Article

Great Fund Insights: Asset managers in the Middle East gear up for a busy time

Published Date
May 31, 2023
Despite challenges around fundraising and heightened investor and regulatory scrutiny in an uncertain economic climate, alternative asset managers in the Middle East are continuing to have a busy year. Here, A&O Middle East Funds & Asset Management partner Kamar Jaffer and Peerpoint’s global managing director Carolyn Aldous look at the market and why re-evaluating how you manage your team could be key to your success.

While buoyant fundraising continued in the global funds and asset management sector through 2022, challenges linked to ongoing economic and regulatory uncertainty have been a growing feature through 2023. Geographically, fundraising remains firmly concentrated on North America and funds came back to market so quickly during 2021 and early 2022 that LP pipelines have been under pressure. The tougher macro environment, with declines in public markets and rising inflation, as well as the geopolitical dynamics is causing fundraising to be more subdued globally.

Strong outlook for Gulf SWFs

In the Middle East, however, which is being supported by elevated oil prices and an ongoing post-pandemic recovery, the alternative asset management market looks set to benefit from relatively good conditions through 2023 and 2024. Middle Eastern sovereign wealth funds (SWFs) and other institutional investors continue to seek to build robust portfolios of alternative investments in a quest to generate returns and drive their economies’ non-oil growth.

We see significant interest across the region in new distressed debt, special situations and dislocation funds, as well as successor funds in private equity, growth capital and private credit. There is also growing demand for Shari’a compliant funds with a range of structures being developed.

Middle Eastern SWFs more than doubled their investments in Western economies between 2021 and 2022, with deals up in value from USD21.8bn in 2021 to USD51.6bn last year, according to Global SWF's 2023 Annual report. Gulf SWFs made successful bids to acquire assets ranging from New York-based asset manager Fortress Investment Group to British carmaker Aston Martin.

While they have historically scouted out attractive opportunities in times of volatility and low valuations, a key difference this time is the shift toward sectors like technology, healthcare, logistics, renewables, broadband, and digital infrastructure assets. Gulf SWFs are also backing private equity firms and leveraging relationships with established managers to do co-investments and/or more direct deals. We are also seeing Gulf SWFs taking stakes in the general partner/manager of a fund.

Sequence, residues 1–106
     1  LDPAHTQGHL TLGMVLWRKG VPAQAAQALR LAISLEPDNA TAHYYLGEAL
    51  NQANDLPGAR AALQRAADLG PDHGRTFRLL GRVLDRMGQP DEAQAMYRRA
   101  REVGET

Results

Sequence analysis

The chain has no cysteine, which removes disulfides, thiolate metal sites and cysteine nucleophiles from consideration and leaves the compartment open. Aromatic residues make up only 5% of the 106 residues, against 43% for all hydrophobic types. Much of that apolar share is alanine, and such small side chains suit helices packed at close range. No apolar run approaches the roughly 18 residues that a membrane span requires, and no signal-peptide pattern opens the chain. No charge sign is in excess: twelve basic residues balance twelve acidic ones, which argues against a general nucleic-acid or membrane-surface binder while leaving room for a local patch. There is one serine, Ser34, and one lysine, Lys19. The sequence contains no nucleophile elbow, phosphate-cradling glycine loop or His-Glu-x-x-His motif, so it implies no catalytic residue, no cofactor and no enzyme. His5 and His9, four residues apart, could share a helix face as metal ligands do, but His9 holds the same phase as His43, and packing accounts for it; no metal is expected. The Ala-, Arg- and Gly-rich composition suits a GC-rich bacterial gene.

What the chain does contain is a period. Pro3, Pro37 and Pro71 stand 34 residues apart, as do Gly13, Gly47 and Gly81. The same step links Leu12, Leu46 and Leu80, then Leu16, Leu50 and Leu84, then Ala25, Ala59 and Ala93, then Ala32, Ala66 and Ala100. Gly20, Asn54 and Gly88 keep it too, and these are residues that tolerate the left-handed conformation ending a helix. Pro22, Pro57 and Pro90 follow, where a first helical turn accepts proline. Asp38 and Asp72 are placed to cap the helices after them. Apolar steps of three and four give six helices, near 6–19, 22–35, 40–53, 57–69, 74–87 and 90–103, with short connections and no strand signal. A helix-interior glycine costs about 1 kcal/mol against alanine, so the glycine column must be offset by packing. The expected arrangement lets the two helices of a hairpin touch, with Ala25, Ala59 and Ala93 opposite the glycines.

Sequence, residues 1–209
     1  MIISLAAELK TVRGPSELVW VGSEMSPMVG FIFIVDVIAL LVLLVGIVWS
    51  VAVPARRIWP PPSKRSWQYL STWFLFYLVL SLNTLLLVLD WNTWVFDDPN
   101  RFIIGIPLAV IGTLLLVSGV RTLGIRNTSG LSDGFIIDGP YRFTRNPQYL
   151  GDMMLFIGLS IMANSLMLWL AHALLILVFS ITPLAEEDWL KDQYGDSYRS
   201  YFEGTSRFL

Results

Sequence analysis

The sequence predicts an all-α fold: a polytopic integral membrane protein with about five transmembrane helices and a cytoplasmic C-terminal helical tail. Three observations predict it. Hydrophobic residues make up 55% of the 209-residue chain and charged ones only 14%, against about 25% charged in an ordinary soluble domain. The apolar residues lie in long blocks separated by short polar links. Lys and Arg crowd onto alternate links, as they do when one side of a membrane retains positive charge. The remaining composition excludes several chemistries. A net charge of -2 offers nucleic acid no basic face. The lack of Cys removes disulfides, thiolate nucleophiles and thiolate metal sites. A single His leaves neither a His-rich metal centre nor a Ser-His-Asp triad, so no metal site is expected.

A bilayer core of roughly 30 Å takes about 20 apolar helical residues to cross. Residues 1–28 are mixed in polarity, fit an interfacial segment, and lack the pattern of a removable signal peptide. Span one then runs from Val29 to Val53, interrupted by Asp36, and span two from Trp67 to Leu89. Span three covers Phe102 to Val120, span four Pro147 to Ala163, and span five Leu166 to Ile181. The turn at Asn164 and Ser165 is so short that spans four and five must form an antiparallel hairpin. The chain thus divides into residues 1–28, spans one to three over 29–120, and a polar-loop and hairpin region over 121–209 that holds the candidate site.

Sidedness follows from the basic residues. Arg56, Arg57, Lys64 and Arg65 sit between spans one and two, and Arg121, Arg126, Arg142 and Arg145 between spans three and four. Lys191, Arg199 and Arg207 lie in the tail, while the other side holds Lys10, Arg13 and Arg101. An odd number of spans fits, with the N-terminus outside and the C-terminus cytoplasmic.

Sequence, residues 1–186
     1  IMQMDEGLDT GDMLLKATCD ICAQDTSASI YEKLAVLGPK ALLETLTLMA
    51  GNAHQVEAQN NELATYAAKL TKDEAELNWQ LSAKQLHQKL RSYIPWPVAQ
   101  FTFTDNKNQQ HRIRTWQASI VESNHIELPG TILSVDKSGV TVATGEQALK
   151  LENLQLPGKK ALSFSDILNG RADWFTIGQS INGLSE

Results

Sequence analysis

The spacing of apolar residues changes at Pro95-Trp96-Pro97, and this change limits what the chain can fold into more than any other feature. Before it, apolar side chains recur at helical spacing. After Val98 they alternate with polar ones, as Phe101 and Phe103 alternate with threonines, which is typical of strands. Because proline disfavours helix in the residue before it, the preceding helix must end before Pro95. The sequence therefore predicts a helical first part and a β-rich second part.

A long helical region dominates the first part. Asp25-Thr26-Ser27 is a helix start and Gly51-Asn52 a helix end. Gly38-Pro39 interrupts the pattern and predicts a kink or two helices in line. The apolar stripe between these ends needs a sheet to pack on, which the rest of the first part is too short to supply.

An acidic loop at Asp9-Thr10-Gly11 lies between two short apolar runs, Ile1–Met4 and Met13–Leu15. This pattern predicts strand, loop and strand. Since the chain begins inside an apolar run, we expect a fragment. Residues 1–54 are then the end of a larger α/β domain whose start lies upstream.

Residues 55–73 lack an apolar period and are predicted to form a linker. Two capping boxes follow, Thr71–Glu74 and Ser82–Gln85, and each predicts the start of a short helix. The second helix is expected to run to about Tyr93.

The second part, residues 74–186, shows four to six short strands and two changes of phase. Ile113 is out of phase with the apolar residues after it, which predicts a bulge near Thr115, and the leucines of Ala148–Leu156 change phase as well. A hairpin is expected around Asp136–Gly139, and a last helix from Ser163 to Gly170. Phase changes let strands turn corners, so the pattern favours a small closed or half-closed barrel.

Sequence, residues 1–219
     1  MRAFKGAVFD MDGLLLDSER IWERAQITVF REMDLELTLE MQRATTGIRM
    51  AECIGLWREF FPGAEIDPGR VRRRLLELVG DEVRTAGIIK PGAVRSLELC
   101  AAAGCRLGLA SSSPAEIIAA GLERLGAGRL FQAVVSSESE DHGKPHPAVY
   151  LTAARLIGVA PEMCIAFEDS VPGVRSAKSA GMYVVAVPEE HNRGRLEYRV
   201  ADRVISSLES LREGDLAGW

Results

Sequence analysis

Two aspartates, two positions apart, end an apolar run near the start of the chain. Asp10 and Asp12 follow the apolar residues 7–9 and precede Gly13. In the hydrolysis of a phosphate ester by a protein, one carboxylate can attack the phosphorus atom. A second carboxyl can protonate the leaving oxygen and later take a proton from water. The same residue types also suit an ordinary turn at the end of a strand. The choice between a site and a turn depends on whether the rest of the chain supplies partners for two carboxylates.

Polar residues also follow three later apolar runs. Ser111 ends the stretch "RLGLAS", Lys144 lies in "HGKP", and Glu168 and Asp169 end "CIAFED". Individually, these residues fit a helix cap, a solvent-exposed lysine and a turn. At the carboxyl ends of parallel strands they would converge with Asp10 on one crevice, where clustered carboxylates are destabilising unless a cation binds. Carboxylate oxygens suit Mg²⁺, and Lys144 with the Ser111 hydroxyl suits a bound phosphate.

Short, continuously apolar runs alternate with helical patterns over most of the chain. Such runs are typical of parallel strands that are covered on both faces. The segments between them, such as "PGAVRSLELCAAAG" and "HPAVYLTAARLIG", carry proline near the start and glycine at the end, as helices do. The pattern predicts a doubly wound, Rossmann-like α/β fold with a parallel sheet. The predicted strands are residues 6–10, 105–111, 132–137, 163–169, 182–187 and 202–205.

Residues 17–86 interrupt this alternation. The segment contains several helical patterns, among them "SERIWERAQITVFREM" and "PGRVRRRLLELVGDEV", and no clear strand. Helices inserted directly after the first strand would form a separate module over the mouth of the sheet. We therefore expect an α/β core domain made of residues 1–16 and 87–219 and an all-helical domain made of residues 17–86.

As funds grow and diversify, the need to establish appropriate legal functions must not be overlooked and many will be working to identify the best structure for their legal functions in order to remain nimble and responsive. We predict the use of interim legal resources will be invaluable in helping managers navigate that journey.

The forecast ahead

Looking forward, a number of hot button fund terms are in the spotlight as the uncertain market environment gives institutional investors greater influence. There is more institutional investor focus on the investment strategy, the fund’s term and investment periods, follow-on investments, the ability to recycle distribution proceeds and limitations on borrowings in 2023, while management fees remain under pressure.

Considering the competitive fundraising environment, the market continues to be creative and managers are focusing on innovative models to attract institutional capital. Interests have heightened in a range of structures including co-investments, separately managed accounts, funds of one, long-term strategic partnerships, and hybrids across these various options.

The world’s largest institutional investors have used their clout to invest differently, with some now making as much as half of their private markets commitments outside fund structures, either directly or as co-investors alongside a fund in which they may also have a stake. Managers need to develop their own strategies to respond to this evolving demand dynamic.

There is also a growing appetite for continuation funds and for secondaries, which are now the number two long-term strategic preference of institutional investors after mid-market buyouts, according to Montana Capital Partners’ Annual Investor Survey.